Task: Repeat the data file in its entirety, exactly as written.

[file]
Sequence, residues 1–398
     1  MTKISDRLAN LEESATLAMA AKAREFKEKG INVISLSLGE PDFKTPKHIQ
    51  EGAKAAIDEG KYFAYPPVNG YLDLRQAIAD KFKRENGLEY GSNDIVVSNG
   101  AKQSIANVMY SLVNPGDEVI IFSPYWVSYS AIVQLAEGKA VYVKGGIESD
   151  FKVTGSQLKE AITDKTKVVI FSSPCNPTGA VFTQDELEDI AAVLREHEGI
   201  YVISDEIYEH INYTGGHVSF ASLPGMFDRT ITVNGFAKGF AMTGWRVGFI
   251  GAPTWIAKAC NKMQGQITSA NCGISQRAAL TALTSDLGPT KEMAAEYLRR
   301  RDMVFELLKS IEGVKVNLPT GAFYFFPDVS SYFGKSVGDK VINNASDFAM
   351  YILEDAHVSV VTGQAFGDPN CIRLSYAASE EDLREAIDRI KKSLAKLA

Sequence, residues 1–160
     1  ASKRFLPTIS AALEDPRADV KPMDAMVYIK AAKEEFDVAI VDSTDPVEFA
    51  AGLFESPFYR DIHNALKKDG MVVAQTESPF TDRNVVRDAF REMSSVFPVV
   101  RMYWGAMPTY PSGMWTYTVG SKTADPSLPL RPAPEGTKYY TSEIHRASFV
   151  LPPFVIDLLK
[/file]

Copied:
Sequence, residues 1–398
     1  MTKISDRLAN LEESATLAMA AKAREFKEKG INVISLSLGE PDFKTPKHIQ
    51  EGAKAAIDEG KYFAYPPVNG YLDLRQAIAD KFKRENGLEY GSNDIVVSNG
   101  AKQSIANVMY SLVNPGDEVI IFSPYWVSYS AIVQLAEGKA VYVKGGIESD
   151  FKVTGSQLKE AITDKTKVVI FSSPCNPTGA VFTQDELEDI AAVLREHEGI
   201  YVISDEIYEH INYTGGHVSF ASLPGMFDRT ITVNGFAKGF AMTGWRVGFI
   251  GAPTWIAKAC NKMQGQITSA NCGISQRAAL TALTSDLGPT KEMAAEYLRR
   301  RDMVFELLKS IEGVKVNLPT GAFYFFPDVS SYFGKSVGDK VINNASDFAM
   351  YILEDAHVSV VTGQAFGDPN CIRLSYAASE EDLREAIDRI KKSLAKLA

Sequence, residues 1–160
     1  ASKRFLPTIS AALEDPRADV KPMDAMVYIK AAKEEFDVAI VDSTDPVEFA
    51  AGLFESPFYR DIHNALKKDG MVVAQTESPF TDRNVVRDAF REMSSVFPVV
   101  RMYWGAMPTY PSGMWTYTVG SKTADPSLPL RPAPEGTKYY TSEIHRASFV
   151  LPPFVIDLLK